Summarized by Kent Larsen
President Hinckley's remarks at National Press Club
Sharlene Gilmer Anderson 8Mar00 N1
[Notes on this event from attendee Sharlene Gilmer Anderson, who has graciously given Mormon-News permission to carry her assessment.]
WASHINGTON, D.C. -- To date, the most amazing Washington event I have
attended occurred this afternoon at the National Press Club.
President Hinckley was holding a press conference about his new book
Standing for Something. In the room were around 200 people, 3/4ths
of which were press, including Mike Wallace (who wrote the foreword
for the book) and many other notable figures. Also in attendance
were Senators Hatch, Bennett, Reid (NV), and Gordon Smith (OR) and
many other congressmen and influential people from the area. There
were also the crashers (myself included) who came to hear Pres.
Hinckley take on the DC press corps right after super Tuesday amid
Prop 22 and Bob Jones U.
President Hinckley gave some remarks, which were very good and
touched on the presence of the Church throughout the world. One of
the timely points that stuck out to me was that the Church as two
helicopters it rented to help the rescue effort in Mozambique.
At the conclusion of his remarks President Hinckley received a
standing ovation by every person in the room, started by some of the
journalists and photographers - you know us Mormons, we are hesitant
to do anything too loudly for fear of breaking decorum. I have been
to a number of events in the NPC, and I haven't seen an ovation by
the press corps.
He then fielded questions from the audience. They ranged from the
Church's involvement in the Prop 22 issue in California to how he
stayed so healthy at almost 90. He handled them all beautifully and
received more applause after basically every question - it was a
little startling seeing the Prophet receive applause after remarks -
we just don't do that in General Conference! The only question he
refrained from taking a stand on was whether he believed public
schools should have moments of silence, though he did put a plug in
for mediation and prayer in our lives on a personal basis. He was
even asked if it was possible for a good Mormon to be a Democrat (a
very interesting question since Senator Reid is a Democrat and was
sitting on the stand), he said of course. It wasn't the political
party he was concerned about so much as the personal beliefs of the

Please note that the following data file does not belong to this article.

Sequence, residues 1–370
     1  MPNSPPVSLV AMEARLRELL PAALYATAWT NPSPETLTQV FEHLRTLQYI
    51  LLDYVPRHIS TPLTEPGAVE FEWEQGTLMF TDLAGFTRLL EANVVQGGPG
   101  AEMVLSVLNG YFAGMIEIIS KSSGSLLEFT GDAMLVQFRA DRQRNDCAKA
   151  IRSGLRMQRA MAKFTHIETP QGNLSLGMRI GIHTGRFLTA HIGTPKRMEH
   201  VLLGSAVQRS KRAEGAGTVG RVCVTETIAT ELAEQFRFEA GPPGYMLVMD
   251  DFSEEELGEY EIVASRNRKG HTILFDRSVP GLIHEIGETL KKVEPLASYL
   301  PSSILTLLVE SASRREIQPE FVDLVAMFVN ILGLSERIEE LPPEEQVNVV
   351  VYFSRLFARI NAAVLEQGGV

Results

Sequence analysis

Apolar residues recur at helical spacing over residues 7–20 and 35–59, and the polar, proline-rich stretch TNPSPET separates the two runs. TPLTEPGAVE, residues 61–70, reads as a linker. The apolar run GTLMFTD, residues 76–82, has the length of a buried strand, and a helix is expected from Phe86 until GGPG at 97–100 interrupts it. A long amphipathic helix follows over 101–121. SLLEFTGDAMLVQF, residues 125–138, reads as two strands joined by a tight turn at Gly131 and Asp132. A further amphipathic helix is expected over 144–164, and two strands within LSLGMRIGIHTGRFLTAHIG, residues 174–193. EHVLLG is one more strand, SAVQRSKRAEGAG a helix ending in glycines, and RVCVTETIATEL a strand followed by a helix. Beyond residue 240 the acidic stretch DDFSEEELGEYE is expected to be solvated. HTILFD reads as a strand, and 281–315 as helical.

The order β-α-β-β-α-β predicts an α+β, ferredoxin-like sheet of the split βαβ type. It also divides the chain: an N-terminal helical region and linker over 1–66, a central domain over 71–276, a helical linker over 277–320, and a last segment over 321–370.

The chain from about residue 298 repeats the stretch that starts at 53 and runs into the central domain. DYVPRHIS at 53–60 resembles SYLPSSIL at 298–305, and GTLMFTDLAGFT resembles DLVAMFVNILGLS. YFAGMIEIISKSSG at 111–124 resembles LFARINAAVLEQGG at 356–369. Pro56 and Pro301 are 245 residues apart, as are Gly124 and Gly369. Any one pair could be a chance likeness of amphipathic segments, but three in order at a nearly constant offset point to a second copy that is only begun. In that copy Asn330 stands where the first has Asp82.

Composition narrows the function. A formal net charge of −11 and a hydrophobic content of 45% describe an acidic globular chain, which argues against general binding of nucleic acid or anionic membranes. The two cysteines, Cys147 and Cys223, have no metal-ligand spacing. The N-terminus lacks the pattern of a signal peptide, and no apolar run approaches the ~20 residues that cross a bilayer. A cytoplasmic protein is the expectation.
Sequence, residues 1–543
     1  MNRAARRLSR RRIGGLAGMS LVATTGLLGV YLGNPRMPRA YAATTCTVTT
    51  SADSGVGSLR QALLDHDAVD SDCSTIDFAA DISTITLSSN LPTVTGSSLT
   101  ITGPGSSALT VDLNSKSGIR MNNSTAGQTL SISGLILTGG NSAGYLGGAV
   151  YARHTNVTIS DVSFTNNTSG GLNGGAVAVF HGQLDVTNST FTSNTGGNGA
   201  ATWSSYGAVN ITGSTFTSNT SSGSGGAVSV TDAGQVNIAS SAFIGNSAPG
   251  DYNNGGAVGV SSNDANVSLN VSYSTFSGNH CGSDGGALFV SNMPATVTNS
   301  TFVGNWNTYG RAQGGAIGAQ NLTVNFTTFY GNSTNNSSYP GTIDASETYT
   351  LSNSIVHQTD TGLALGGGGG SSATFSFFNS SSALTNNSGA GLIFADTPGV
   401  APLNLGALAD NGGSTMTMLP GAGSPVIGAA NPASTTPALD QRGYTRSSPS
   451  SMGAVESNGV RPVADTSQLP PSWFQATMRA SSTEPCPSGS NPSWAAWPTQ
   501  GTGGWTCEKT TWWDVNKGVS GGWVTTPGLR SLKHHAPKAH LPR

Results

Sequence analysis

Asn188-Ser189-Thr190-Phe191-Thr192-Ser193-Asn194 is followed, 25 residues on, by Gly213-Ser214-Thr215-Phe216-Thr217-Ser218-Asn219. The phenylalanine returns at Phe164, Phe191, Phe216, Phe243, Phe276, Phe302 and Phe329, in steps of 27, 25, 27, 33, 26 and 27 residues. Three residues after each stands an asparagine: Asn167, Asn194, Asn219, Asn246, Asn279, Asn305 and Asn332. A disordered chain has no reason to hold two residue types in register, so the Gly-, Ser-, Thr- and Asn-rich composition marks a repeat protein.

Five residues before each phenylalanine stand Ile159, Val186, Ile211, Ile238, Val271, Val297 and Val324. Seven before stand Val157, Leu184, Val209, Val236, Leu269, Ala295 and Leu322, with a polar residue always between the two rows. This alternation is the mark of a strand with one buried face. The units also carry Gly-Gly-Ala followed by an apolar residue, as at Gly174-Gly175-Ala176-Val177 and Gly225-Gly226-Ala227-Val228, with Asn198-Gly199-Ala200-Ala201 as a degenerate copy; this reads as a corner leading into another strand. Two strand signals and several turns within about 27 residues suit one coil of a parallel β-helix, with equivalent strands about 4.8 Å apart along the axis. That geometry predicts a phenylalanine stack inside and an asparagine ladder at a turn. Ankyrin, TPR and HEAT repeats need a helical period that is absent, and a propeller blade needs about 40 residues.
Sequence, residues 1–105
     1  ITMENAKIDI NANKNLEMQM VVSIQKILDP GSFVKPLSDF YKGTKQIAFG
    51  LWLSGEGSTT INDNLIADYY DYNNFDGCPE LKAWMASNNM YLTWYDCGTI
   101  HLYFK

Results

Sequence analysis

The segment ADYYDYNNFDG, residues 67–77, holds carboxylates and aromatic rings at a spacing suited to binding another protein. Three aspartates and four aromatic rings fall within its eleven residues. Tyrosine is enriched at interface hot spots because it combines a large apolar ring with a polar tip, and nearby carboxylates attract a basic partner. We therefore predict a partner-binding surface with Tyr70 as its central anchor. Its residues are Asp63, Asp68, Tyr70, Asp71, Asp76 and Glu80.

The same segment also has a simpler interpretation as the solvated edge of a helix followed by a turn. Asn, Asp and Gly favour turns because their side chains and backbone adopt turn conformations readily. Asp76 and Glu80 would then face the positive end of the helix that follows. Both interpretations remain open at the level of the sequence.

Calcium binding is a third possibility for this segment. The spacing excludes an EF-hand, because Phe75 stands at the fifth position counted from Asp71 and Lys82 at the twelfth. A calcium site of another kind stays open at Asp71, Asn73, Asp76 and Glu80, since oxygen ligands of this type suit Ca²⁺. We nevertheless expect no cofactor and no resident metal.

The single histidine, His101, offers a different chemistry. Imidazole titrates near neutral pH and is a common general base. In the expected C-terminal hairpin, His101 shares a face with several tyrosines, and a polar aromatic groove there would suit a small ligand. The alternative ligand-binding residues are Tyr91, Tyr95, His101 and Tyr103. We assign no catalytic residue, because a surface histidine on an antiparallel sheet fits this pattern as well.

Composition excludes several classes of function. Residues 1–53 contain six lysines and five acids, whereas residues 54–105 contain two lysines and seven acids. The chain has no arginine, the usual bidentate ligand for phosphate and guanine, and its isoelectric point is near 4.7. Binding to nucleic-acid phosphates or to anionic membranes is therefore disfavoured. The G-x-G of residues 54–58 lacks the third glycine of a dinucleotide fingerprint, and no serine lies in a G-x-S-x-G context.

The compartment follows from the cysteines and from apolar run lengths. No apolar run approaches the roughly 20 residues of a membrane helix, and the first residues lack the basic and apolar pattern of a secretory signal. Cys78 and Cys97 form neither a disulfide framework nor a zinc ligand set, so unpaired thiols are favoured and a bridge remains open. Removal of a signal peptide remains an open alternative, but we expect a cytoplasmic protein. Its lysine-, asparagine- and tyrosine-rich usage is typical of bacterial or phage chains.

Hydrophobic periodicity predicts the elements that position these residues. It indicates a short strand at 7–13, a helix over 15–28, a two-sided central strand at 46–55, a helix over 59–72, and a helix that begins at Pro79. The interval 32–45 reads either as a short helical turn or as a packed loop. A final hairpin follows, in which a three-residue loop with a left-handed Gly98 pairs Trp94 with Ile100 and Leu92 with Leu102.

individual. When asked why there hasn't been divine intervention for
the BYU football team, he said they were working !
hard on that issue. One of the most humorous moments was when he
claimed he didn't know much about the Internet, that he was an old
man. Then, the moderator of the event - the president of the
National Press Club - turned to him and said - "An old man with a
very large web site" - referring to the genealogical sites which get
8 million hits per day.
I would imagine that the press conference may be picked up in some of
the press outside of the DC area, so watch for it if you are
interested. I would also be happy to go into more detail on his
answers to some of the other political questions if you want me to -
just ask. A final note, he did say that the Church's position on
Washington and politics is primarily to "look at Washington and just
smile." Needless to say, I left smiling myself.
More notes on the Prop 22 questions:
About the Prop 22 question it was a three parter -
1. Why did the LDS church get involved in prop 22
2. Do you take credit for its passage
3. Does this mean the LDS church will now be more involved in politics
Answers (basic points of the answer, not verbatim)-
The church only gets involved in moral issues - this doesn't mean an
increase in activity necessarily, but the church will take a stand on
some moral issues. The church is not anti-gay, the church is
pro-family. (I think that was a direct quote). While the church
encouraged member involvement surrounding the prop 22, the church
didn't spend any money on efforts related to its passage, it was all
funded by individual members. The church is very glad it passed by a
wide margin because California is seen as a "bellweather" state.
He didn't comment on the taking credit part directly.